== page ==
I sure did. Dallas Comic Con seems like the perfect entry level convention for anyone. Just keep in mind that it’s long, it’s exhausting, it’s expensive. But for fans of pop culture, art, and just new experiences it’s all worth it. On the last day there one might even be a bit sad that it’s over. Next year I think I’ll go all in and experience everything I can afford, because I think that next year it will be huge.
Did you learn anything while attending the Dallas Comic Con?
- Some cosplayers with ask YOU to take a photo with THEM.
- Even Mannequins with big boobs draw people to booths.
- You’ll need a second job to love pop culture the way pop culture wants you to.
Have any pro tips?
- Carry your own food, save hundreds of dollars.
- Bring your own bag for things you need and things you buy.
- Wear extremely comfortable shoes,. Your feet, calves and back will pay you back in spades if you don’t.
- Consciously blink (TRUST ME).
- Arrive early, get in lines early, go to favorite spots early, buy things early.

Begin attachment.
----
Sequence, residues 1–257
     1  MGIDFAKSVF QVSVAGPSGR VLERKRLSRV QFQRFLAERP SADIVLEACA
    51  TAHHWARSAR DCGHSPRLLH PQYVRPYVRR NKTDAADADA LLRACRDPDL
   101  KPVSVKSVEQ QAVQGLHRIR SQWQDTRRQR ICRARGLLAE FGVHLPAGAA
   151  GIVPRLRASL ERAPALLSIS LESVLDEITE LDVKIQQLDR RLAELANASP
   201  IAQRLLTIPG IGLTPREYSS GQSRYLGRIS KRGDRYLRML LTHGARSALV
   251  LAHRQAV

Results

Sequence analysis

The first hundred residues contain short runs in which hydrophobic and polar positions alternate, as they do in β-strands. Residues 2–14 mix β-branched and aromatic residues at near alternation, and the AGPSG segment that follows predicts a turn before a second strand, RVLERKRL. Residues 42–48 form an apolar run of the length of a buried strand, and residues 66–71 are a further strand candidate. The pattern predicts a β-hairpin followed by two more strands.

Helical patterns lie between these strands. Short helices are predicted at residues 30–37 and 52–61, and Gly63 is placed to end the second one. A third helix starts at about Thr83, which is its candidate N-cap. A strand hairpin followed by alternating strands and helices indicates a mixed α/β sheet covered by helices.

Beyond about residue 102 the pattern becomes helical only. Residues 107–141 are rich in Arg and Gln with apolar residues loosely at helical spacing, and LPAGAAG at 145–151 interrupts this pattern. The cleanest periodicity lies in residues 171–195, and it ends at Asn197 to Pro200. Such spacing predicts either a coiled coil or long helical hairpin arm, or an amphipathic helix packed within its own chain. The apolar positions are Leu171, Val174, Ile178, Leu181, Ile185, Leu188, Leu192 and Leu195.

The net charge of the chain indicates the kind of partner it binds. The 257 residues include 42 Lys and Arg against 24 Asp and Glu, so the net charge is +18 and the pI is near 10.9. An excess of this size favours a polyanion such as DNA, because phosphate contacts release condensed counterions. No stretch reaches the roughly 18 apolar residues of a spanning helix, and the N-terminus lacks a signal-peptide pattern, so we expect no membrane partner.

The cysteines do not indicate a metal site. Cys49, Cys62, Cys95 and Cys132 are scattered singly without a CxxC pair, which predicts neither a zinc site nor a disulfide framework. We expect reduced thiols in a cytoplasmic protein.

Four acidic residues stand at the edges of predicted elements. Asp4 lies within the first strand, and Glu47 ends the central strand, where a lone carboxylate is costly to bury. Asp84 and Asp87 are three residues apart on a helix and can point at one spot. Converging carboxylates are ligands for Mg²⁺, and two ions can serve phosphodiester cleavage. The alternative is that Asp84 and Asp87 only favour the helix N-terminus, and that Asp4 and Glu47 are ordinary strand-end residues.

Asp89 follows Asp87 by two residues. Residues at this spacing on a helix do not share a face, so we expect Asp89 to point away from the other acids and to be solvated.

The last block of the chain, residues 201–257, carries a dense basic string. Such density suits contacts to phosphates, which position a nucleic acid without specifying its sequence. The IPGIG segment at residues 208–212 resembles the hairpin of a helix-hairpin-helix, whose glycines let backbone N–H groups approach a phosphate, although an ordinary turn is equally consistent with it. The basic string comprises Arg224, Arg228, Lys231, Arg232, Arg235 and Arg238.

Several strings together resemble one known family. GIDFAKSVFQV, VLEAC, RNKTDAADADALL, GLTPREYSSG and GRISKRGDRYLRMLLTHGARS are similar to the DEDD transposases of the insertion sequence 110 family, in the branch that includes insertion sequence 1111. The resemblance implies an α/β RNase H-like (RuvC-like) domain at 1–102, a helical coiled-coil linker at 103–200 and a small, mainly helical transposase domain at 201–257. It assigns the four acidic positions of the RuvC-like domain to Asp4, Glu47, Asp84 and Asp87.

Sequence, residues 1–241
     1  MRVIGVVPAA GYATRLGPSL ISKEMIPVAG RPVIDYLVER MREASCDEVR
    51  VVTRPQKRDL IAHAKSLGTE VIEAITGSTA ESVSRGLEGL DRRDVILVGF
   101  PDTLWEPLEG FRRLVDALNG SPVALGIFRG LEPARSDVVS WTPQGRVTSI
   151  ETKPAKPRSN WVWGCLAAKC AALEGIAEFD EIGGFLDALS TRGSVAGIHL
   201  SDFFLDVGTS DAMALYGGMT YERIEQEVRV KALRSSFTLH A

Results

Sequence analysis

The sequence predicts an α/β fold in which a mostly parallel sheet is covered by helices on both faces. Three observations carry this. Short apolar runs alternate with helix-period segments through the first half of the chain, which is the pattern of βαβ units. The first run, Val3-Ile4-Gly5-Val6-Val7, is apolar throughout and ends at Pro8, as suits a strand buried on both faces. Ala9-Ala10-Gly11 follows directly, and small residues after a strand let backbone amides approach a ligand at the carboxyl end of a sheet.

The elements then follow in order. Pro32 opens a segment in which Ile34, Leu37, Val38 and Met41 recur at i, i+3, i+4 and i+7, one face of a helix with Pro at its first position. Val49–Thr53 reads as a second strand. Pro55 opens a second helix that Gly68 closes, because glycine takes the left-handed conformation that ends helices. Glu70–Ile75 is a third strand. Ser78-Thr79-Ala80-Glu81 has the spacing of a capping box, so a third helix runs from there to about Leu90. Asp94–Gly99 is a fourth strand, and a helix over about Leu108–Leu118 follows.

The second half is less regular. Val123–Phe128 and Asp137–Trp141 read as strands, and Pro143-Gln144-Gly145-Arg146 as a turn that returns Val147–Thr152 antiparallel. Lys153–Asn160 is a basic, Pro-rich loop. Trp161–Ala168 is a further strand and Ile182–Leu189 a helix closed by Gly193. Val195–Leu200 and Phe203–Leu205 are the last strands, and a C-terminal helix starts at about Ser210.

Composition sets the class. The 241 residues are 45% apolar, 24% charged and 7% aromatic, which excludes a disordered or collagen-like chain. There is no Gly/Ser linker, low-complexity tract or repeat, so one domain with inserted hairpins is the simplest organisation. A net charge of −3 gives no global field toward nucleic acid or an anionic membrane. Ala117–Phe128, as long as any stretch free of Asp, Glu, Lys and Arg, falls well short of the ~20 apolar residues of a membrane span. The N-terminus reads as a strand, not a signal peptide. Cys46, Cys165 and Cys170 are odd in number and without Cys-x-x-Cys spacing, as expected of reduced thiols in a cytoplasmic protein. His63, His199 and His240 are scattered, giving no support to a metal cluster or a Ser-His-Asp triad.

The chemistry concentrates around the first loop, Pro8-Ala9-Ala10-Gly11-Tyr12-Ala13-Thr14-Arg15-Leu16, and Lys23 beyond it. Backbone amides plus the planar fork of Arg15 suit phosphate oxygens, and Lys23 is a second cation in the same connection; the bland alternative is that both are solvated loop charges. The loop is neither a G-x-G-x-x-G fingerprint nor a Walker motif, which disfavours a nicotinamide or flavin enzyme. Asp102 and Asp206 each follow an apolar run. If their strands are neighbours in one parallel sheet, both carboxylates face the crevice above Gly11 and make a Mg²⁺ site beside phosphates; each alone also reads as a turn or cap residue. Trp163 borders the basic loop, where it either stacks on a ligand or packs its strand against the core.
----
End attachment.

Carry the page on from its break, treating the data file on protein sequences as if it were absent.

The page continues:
- Don’t harass the cosplayers. Be respectful. **Important!**
- Wear a good antiperspirant. Reapply if needed.
- Don’t make eye contact with booth merchants. They’ll draw you in like a Death Star tractor beam and use mind tricks to sell you things you might not want. You’re weaker than you think.
- When getting an autograph, having something to sign is handy, and cheaper.
- Read the map and the schedule the night before (online) and plan the day. Expect changes and line cutoffs, be flexible.
- The last day of a convention usually has deals, look for them.
- Don’t hand out business cards to everyone you meet, just the ones that seem genuinely interested in what you’re offering. Chances of said business card ever being seen again are pretty slim, so get theirs.
- Don’t travel in packs. Everyone wants to experiences different things at different times. Groups will slow you down immensely.
- Look online before you buy at a booth.
- Schedule a meetup time with friends. It’s possible to lose a group member within ten feet of floor for an entire day.
- Don’t rely on a mobile phone. Unless you check it regularly you probably won’t hear or feel it.
- Pack chargers/extra batteries for electronics.
- Expect to be hit at least once by a complete stranger and let it go.
- If you can, take accumulated weight to the car/room. It helps a lot.